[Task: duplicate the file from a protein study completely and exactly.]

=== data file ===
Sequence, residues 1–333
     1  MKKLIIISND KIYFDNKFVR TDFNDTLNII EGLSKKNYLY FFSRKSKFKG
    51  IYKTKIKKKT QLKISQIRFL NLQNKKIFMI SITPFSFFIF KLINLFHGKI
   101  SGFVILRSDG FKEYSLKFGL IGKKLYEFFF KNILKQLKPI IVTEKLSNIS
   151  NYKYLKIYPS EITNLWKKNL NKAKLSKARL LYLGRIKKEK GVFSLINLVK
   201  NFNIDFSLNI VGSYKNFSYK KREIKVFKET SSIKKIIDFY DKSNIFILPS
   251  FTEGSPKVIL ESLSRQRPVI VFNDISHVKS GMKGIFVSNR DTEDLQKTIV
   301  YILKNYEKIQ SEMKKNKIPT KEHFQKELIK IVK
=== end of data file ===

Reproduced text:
Sequence, residues 1–333
     1  MKKLIIISND KIYFDNKFVR TDFNDTLNII EGLSKKNYLY FFSRKSKFKG
    51  IYKTKIKKKT QLKISQIRFL NLQNKKIFMI SITPFSFFIF KLINLFHGKI
   101  SGFVILRSDG FKEYSLKFGL IGKKLYEFFF KNILKQLKPI IVTEKLSNIS
   151  NYKYLKIYPS EITNLWKKNL NKAKLSKARL LYLGRIKKEK GVFSLINLVK
   201  NFNIDFSLNI VGSYKNFSYK KREIKVFKET SSIKKIIDFY DKSNIFILPS
   251  FTEGSPKVIL ESLSRQRPVI VFNDISHVKS GMKGIFVSNR DTEDLQKTIV
   301  YILKNYEKIQ SEMKKNKIPT KEHFQKELIK IVK